Our team has hired a husband and wife couple as our live-in residential counselors. They moved from Cincinnati to Pittsburgh and settled into the house in mid-September. They began all their trainings and spent time over at the girls’ house to see how we run our programs and services.  During that time, we got the home furnished, and now it’s ready to go.

We definitely had to change a few things around and remote learning has had its challenges. Add in social distancing.  There will be a new school, new teachers, and a new way of learning for the boys.  Not an easy transition, but we’re ready!

Did you have to make any final touches before the boys arrived this week?

We stocked up on food, and we bought an agency van several months ago that the couple can utilize to drive the scholars to different appointments and sporting events. Other than that, the house is in good shape. Boys Hope Girls Hope of Pittsburgh is finally in a neighborhood where we can actually be a part of the community. The scholars will have neighbors, can help out where needed, and just be a part of the real community in general. I think this is such an asset to help our scholars be better suited for life.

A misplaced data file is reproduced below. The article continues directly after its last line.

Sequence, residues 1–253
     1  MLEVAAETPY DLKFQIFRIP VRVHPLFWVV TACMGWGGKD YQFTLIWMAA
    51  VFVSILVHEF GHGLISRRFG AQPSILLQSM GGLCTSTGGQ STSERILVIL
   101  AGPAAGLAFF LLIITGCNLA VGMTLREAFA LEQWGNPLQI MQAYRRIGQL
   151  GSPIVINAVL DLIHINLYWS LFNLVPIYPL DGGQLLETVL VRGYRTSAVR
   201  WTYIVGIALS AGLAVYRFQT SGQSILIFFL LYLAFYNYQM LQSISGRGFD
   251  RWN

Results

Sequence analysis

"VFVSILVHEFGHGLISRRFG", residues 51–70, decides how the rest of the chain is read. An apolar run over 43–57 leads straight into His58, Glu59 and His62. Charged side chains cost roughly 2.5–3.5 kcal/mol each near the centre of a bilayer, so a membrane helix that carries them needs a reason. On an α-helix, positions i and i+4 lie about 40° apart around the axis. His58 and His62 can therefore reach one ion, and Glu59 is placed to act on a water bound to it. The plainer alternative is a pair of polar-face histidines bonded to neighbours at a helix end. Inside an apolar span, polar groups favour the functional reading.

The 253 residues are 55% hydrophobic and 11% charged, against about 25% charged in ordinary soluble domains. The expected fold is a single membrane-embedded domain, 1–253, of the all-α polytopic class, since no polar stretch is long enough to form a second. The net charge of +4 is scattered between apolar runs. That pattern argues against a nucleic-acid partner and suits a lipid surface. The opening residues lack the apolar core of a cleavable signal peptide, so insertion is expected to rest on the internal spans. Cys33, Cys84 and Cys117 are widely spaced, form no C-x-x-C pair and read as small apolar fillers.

"Boys Hope Girls Hope of Pittsburgh is finally in a neighborhood where we can actually be a part of the community."

What are you looking forward to most about serving both girls and boys now?

Well, I think it’s going to help us in many ways. For example, I’m excited because serving both genders is broader and we can recruit from a wider net. When we talk to schools, non-profits, and community groups, we can offer a spot in this incredible program to any prospective young person, boy or girl.

What is one of the most impactful stories a scholar has shared with you about their experience at the Pittsburgh home?